Tuesday, April 24, 2018

Digging for More: Tanya Konerman and Elizabeth Saba Make Research Work for Them

Mentor Text Reviews by Tanya Konerman and Elizabeth Saba

In search of ways to master word count in lyrical ways, I pulled out mentor texts from my “nonfiction idols.” Three from April Pulley Sayre gave me the inspiration I needed: Best in Snow, Raindrops Roll, and Full of Fall. These succinct, sensory-rich, and delightfully poetic picture books captured each of her concepts with flow and flair (not to mention, wonderful photography by Sayre herself). And most importantly for my revision struggles, they were still able to provide detailed information with word counts more in line with the industry standard. How? BACKMATTER! Sayre used the “story” part of the book to provide an overview and create a feeling about the subject matter, while offering additional scientific tidbits and facts to further learning and understanding in her backmatter (which is not included in word count for picture books).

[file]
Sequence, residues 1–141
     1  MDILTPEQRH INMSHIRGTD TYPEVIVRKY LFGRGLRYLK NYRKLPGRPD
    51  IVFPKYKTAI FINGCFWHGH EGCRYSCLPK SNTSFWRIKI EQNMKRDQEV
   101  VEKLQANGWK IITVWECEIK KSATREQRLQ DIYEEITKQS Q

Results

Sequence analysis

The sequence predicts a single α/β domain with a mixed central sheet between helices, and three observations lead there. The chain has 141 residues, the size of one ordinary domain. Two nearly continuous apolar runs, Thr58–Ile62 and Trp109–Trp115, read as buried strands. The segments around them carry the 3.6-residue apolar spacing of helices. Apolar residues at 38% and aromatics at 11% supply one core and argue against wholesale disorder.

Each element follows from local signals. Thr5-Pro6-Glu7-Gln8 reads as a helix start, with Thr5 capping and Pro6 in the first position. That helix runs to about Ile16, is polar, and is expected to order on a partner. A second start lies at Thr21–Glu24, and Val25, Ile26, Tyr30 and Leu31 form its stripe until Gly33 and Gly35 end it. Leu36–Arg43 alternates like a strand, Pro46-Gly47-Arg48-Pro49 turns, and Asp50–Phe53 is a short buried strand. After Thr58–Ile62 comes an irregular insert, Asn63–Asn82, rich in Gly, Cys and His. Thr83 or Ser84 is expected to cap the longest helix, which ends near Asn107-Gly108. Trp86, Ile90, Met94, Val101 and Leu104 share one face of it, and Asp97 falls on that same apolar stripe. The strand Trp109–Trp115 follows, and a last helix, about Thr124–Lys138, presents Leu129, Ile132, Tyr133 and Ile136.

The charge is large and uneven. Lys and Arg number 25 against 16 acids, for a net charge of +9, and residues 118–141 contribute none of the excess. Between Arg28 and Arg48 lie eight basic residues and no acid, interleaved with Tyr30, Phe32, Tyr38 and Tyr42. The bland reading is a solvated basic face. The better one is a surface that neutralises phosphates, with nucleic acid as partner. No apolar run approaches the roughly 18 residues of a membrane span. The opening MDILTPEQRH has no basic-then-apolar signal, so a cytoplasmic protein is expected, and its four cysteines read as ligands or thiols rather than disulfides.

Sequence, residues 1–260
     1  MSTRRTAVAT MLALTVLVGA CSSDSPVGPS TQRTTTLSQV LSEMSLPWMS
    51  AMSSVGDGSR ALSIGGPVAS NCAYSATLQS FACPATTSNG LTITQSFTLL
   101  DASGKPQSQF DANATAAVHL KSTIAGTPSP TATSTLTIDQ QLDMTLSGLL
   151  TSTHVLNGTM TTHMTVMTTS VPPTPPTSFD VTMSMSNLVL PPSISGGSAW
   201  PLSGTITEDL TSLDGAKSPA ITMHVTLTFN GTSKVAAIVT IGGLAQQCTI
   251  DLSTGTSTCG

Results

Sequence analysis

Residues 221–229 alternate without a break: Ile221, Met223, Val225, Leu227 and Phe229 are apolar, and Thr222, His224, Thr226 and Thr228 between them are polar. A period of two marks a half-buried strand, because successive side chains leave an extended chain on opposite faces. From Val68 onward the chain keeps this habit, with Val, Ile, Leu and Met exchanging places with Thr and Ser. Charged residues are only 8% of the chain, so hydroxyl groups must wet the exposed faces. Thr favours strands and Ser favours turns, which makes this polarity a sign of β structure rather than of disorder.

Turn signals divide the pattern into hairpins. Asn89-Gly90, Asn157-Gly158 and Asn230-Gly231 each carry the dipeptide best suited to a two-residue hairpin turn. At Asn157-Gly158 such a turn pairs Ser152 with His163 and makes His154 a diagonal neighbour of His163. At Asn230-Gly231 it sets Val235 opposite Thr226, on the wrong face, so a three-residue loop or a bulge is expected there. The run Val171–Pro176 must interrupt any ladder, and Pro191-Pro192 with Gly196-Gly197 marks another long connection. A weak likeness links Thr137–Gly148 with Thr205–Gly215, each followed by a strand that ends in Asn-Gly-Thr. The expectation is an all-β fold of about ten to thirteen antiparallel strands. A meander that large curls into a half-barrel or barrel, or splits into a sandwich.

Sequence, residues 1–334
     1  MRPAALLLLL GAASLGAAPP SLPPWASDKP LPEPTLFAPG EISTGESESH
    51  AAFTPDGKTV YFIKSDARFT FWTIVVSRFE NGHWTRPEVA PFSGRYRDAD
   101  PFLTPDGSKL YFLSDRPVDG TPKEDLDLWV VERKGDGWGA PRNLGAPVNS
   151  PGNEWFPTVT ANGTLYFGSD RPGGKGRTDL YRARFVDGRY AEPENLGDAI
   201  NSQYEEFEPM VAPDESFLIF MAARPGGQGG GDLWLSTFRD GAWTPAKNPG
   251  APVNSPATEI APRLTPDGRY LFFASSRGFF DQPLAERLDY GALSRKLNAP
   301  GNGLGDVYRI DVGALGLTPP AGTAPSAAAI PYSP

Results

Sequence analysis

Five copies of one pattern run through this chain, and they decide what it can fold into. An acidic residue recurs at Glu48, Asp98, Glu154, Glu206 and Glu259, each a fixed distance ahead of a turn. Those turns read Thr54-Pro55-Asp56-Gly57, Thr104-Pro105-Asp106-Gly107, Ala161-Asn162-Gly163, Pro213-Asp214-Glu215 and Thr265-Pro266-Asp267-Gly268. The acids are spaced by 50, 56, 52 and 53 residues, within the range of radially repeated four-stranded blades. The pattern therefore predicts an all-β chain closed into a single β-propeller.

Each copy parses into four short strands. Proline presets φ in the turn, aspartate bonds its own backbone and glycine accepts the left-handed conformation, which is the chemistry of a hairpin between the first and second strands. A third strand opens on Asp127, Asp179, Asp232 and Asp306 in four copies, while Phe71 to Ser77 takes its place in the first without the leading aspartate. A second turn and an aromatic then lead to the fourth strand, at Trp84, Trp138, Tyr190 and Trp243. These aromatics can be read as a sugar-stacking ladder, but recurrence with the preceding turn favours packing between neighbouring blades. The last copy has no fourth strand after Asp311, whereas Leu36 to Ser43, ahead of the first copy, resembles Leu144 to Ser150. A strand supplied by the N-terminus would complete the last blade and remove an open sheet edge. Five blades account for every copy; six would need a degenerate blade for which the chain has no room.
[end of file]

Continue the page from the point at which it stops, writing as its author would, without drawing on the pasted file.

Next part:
As you write and revise, consider: Could backmatter help support your nonfiction story’s weight? Would readers benefit from a more lyrical approach to your subject matter? How can you offer an educational book that appeals to the senses?

Tanya Konerman is a bit obsessed with picture books, reading and studying 15 or more a week throughout the year. She currently writes them too. You can find her picture book reviews and some other cool stuff at www.tanyakonerman.wordpress.com.